Have you ever looked at someone else's newsletter, blog, or project and thought "I never would have thought of that!" The goal is to get strangers to say the same thing about your work. And the only way to achieve that is by leaning into what makes you different.
💬 In this week's issue:
- Side quests. Why straying off course might be the fastest way to find your niche.
- Unpaywalled. See how one news site is going against the grain with its business model.
- Hidden benefits. How the best subscription businesses offer more than just a financial upside for their owners.
🛼 On finding your niche
In other words, it’s the exceptions that get attention.
Most creators approach the challenge of securing a niche head-on. Even the way we ask the question "how to find a niche" reveals that a targeted search is required.
But what if it doesn't work this way at all? What if the best niche for us is one we stumble into?
Designer Tobias van Schneider thinks this might be the strategy many independents are missing. Here's how they describe the process.
If you've been having a hard time finding your unique angle, give yourself permission to take more detours. Explore, experiment. Try more things unrelated to your main goals.
As Tobias concludes, "Getting noticed is a nice side effect" of doing work you enjoy.
🗞 Latest tips & stories
- The 5 reasons why people pay for content
- What it means to be a creator through crises
- Google introduces multisearch
- The pros and cons of a nonprofit publication
- Why weather may be the biggest growth area for local news
🎁 Quartz has lifted their paywalls
The shift is part of Quartz’s mission to make business better.
Quartz is a business-focused publication that aims to help enterprises become "more sustainable, innovative, and inclusive." They publish high-quality journalism content and, until recently, followed the standard playbook of using a paywall to monetize their site.
Their choice to change the business model has garnered a variety of reactions. Stories like this might cause you to reconsider your own structure, so here's a few reasons why this shift makes sense for them.
- It's better aligned with their mission. Quartz wants to have as wide of an impact as possible and ungated content can reach a large group of leaders.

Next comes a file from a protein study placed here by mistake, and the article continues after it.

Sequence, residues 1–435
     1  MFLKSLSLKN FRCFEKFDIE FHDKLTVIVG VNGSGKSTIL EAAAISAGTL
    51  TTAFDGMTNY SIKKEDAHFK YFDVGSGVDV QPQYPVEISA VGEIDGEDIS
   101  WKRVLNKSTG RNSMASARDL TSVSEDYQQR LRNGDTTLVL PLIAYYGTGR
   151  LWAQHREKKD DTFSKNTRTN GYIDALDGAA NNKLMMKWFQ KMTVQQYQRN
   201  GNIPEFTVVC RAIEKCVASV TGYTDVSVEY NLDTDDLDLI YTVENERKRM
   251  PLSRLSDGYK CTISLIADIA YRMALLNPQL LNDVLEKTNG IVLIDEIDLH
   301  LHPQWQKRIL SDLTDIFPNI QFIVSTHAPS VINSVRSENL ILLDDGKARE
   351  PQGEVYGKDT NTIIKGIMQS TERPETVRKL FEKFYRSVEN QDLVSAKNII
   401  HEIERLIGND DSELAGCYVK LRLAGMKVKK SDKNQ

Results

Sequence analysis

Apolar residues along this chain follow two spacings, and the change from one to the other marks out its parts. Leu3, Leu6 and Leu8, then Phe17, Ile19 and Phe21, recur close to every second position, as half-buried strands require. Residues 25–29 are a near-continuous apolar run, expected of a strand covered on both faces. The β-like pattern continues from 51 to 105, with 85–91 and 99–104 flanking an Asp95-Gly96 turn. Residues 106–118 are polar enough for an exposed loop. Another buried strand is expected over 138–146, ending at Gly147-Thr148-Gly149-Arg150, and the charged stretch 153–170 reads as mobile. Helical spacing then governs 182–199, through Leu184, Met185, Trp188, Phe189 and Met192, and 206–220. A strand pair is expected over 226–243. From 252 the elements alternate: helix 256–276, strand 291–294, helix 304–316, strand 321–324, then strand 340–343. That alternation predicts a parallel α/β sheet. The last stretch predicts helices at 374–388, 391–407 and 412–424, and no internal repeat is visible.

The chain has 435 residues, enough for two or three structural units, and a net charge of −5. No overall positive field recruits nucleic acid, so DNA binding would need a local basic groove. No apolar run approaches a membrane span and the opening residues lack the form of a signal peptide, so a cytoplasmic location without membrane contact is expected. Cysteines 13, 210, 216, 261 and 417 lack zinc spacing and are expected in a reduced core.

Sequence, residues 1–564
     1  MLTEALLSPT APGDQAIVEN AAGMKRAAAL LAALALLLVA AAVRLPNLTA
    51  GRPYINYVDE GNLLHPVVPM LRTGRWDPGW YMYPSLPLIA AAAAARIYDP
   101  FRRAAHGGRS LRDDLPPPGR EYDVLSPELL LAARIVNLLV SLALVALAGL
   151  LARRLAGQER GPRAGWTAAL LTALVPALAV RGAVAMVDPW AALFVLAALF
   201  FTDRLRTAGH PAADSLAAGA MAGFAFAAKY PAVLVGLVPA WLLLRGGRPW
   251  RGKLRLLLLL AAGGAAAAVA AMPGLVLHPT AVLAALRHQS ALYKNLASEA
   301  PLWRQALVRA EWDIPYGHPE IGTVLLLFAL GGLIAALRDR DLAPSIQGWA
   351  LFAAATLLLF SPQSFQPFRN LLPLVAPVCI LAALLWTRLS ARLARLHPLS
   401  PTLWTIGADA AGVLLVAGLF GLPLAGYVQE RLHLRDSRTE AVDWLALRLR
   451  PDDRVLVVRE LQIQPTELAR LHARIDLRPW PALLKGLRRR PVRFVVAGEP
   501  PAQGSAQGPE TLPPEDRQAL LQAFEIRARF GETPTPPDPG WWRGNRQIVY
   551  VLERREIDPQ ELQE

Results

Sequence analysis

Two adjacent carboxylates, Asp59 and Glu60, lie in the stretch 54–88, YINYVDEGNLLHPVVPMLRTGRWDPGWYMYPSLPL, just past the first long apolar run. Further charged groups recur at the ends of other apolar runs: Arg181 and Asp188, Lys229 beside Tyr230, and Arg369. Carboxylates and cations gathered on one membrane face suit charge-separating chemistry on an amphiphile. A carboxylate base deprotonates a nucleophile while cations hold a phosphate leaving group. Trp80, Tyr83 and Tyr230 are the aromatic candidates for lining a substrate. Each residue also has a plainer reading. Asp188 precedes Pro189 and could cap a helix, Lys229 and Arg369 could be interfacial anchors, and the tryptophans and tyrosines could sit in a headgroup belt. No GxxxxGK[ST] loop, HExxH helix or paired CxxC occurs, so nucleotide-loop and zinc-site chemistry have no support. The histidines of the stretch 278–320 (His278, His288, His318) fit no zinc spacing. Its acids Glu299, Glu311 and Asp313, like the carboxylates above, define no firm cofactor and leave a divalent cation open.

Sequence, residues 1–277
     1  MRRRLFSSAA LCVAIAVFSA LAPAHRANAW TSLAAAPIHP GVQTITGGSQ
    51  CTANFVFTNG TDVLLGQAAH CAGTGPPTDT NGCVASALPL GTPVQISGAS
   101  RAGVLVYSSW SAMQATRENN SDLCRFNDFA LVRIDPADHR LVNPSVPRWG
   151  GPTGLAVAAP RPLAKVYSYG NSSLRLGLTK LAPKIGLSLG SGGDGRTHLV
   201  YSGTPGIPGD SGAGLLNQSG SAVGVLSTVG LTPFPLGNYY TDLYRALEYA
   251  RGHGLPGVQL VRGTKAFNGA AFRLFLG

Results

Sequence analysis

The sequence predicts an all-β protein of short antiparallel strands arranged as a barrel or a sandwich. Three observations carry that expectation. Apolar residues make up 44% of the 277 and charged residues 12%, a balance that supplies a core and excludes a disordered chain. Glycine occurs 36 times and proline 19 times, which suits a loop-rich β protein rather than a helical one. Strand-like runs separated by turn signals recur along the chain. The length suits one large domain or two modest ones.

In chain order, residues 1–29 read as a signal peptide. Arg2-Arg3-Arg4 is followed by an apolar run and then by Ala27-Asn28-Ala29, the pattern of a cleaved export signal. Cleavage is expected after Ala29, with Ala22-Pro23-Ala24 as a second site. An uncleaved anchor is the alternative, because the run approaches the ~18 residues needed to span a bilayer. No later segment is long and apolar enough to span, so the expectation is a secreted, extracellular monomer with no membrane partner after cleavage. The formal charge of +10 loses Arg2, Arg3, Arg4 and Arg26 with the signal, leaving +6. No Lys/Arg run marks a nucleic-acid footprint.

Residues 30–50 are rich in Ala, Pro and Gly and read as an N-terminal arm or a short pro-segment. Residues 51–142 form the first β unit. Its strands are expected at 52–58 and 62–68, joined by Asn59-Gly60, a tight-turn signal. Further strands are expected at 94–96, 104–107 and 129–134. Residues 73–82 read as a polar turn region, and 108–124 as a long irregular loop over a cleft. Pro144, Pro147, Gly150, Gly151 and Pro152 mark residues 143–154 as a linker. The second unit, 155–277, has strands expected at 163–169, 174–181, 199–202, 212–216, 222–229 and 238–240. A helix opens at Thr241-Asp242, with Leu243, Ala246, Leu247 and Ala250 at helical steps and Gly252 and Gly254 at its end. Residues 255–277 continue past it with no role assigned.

- They understand their value. Their publication produces a lot of content (10-20 articles per day) — much more than any single subscriber will reasonably consume. The real value comes from the curation and analysis they provide: "Our 25,000 paying members will continue to receive exclusive access to two premium emails." Not every part of your business will be valuable to subscribers, so it's worth going all-in on the ones that are.
- Public content is great for growth. By removing the paywall, their articles can now travel across the web much more easily. People can share them, quote them, and reference them in their own content. They will also likely benefit from a boost in SEO traffic.
Business models can be a tricky thing to get right, but as long as you're building something that meets your needs and satisfies your customers, you're on the right track.
🛍 A "boring" business, worth billions
It almost doesn't care about making money on its merchandise sales.
Subscription revenue is powerful and businesses like Costco remind us of why. For over 20 years, they've held industry-leading profit margins because they chose to implement a membership fee instead of falling into constant price wars with other retailers.
Most creators know that recurring revenue is the best part of a subscription-model business. But what about the second-order effects of that model (aka the consequences of the consequences)?
For example, Costco can pay their employees more, subsidize certain food products, and build long-term supplier relationships that benefit their customers.
For newsletter writers and other creators, the benefits might look like creative freedom, a less stressful publishing schedule, or more resources to hire help.
👀 Curators pick
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